Today for Tomorrow - A Weekend Dedicated to Good Equestrian Sport at the 2024 Burgtagung

Thu, 02/15/2024 - 09:35
Dr. Dietrich Plewa at the 2024 Burgtagung in Altleiningen, Germany :: Photos © Silke Rottermann

-- Text and Photos © Silke Rottermann for Eurodressage

When the driving force behind this mega-event, Brigitte Seidler, chose the motto "Today for tomorrow" for her 5th edition of the so-called "Burgtagung" (Meeting at the Fortress)  she certainly could not anticipate how totally current it would become when the event actually took place from 9 - 11 February 2024 near Bad Dürkheim in the south of Germany.


Officially called „Palatinate Training Conference“ and organized by the Horse Sport Association Palatinate, this three-day seminar is somewhat unique in that it brings together a whole bunch of renowned riders, trainers, vets, therapists and judges who hold different workshops for the participants.

Created in 2015 by Brigitte Seidler, chair of the association, originally to offer the trainers of the 110-member clubs of the Horse Sport Association Palatinate a high class possibility to educate themselves on a variety of topics, the event now attracts participants far beyond the borders of the German state of Rhineland-Palatinate. In 2024 people also came from Austria and Switzerland and even flew in from Finland to take on the opportunity to meet like-minded people and learn from some of the best.

The fortress of Altleiningen where the 5th Burgtagung
took place and after which this 3-day-conference is named
As the name already indicates, the „Burgtagung“ is taking place every second year at the Fortress of Altleiningen which is a Youth Hostel and located at the outskirts of the identically named village. The location enables the 164 participants to sleep, eat and learn all in one place whose historic charm certainly added to the good atmosphere in which all happened.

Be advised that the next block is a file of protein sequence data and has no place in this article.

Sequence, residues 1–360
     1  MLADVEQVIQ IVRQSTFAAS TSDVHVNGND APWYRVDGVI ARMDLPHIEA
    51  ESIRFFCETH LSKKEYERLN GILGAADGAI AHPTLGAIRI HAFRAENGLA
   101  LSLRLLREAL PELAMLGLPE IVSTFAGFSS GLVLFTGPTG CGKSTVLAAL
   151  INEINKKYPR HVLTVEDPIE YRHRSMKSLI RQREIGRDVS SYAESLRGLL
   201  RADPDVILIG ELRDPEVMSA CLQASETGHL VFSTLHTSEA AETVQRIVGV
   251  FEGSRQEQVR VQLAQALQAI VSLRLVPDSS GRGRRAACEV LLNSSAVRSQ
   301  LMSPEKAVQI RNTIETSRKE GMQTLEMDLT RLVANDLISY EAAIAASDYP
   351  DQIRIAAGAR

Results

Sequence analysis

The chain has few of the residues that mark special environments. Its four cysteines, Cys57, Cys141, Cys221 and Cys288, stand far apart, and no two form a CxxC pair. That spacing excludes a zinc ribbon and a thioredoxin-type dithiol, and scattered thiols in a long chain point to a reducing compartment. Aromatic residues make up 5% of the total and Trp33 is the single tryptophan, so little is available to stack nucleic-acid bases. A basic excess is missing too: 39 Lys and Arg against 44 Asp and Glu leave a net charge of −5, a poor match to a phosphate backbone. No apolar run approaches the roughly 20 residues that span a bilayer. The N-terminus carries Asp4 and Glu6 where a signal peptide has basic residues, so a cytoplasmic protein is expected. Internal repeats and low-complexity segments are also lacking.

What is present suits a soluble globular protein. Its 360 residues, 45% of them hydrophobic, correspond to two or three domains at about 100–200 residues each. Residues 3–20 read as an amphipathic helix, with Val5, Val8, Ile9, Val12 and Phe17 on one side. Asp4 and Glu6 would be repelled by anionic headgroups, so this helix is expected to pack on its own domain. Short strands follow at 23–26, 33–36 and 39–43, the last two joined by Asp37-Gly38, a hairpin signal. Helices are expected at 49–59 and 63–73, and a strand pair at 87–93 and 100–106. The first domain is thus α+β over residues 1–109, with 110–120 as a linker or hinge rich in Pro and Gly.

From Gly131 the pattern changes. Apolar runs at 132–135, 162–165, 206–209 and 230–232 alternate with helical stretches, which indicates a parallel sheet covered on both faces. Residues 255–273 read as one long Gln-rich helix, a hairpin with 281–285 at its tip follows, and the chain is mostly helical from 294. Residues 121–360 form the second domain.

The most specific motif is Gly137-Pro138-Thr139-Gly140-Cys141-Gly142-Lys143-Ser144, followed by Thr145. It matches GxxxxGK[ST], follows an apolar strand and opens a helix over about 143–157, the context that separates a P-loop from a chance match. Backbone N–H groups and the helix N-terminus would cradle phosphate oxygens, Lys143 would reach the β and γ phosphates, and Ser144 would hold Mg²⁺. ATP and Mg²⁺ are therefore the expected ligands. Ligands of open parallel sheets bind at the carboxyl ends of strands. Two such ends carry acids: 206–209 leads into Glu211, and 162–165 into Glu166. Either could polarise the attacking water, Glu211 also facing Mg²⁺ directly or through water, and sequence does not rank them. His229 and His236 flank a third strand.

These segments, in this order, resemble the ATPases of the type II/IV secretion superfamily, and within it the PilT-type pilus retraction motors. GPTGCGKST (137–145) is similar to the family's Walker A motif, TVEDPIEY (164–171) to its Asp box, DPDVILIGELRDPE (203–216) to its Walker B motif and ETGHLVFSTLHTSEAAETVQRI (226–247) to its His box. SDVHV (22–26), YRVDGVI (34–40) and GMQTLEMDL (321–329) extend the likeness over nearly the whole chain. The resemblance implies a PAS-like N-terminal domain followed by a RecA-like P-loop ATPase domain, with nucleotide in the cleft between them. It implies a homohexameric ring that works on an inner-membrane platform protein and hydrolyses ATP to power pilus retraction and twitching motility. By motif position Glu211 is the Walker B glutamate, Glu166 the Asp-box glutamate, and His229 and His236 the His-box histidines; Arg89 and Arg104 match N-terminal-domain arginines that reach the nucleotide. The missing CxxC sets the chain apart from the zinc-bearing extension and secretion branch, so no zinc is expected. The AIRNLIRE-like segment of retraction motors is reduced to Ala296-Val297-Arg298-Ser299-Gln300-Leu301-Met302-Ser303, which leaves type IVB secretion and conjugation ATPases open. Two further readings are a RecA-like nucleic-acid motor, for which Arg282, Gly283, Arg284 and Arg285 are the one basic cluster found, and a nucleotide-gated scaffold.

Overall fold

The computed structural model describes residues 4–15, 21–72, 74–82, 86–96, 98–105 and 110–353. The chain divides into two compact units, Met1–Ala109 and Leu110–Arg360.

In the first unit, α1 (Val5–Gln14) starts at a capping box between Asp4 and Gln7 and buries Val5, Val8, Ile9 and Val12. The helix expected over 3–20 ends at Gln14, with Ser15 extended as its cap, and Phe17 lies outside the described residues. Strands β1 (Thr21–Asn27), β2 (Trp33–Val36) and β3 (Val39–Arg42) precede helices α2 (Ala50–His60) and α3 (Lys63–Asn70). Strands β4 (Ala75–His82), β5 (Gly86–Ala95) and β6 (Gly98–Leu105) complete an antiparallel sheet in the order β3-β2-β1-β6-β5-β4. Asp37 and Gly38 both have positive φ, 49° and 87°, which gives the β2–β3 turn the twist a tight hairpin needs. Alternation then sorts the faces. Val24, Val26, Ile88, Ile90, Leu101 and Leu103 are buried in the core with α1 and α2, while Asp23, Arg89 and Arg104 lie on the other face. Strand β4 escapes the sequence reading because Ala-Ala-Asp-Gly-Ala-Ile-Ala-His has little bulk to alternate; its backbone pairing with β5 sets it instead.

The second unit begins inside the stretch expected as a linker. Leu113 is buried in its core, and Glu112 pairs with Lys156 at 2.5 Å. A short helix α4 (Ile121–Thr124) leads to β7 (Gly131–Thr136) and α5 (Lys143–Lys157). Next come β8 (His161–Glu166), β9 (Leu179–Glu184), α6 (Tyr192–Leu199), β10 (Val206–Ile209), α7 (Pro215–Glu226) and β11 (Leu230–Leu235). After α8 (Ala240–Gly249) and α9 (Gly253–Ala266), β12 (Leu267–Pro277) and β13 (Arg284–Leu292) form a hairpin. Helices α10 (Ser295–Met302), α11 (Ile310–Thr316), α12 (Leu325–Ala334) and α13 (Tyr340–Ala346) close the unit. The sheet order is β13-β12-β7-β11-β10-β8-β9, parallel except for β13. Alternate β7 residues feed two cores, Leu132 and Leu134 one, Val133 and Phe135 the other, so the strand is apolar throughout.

Opening Lecture by Plewa

When I arrived at the Burgtagung I already had a long working day behind me. I had dropped off my dog at friends and picked up fellow Eurodressage author and trainer Niina Kirjorinne, who had flown in from -25 degrees in Finland to a mild +12 ° C degrees at my home. I was happy the dinner was already waiting for us after an easy 80 minutes drive.

The big so-called „Knight’s Hall“ with its long tables was buzzing with people, and „big names“ were mixing and mingling with those who were awaiting their wealth of knowledge in the weekend to come. As we were one of the last to arrive, the hall was so absolutely crowded that we took two chairs and found a space near the small stage at the end of the hall to sit and listen to the opening lecture of the event: „Today for Tomorrow“ by former O-judge Dr. Dietrich Plewa.

The Knight’s Hall where Plewa held his lecture on Friday evening
Plewa, who runs a lawyers’ practice in Rheinland-Palatinate, is best known to the majority of readers as an international judge, having officiated for example at the WEG 2014. Plewa was also a very successful rider himself, beginning with a German championships title at junior level in jumping in 1963 and going for a medal at the German dressage championships in 1994 on the unforgettable Hanoverian chestnut Geronimo.

Where is Dressage Heading?

In the lead-up to the Burgtagung the Helgstrand and Parra scandals as well as the judging at the last leg of the World Cup in Amsterdam had not only dominated the equestrian media and social media channels, but it was also one of the topics of the day during the get together part of the event. It seemed everybody awaited Plewa to take a stand in his lecture and he did not disappoint.

The motto of the entire event, which was also the title of his lecture („Today for Tomorrow“), had gained special and serious relevance as the recent scandals poured oil in the fire of many animal rights activists and those parts of the public which consider equestrian sport generally as abuse.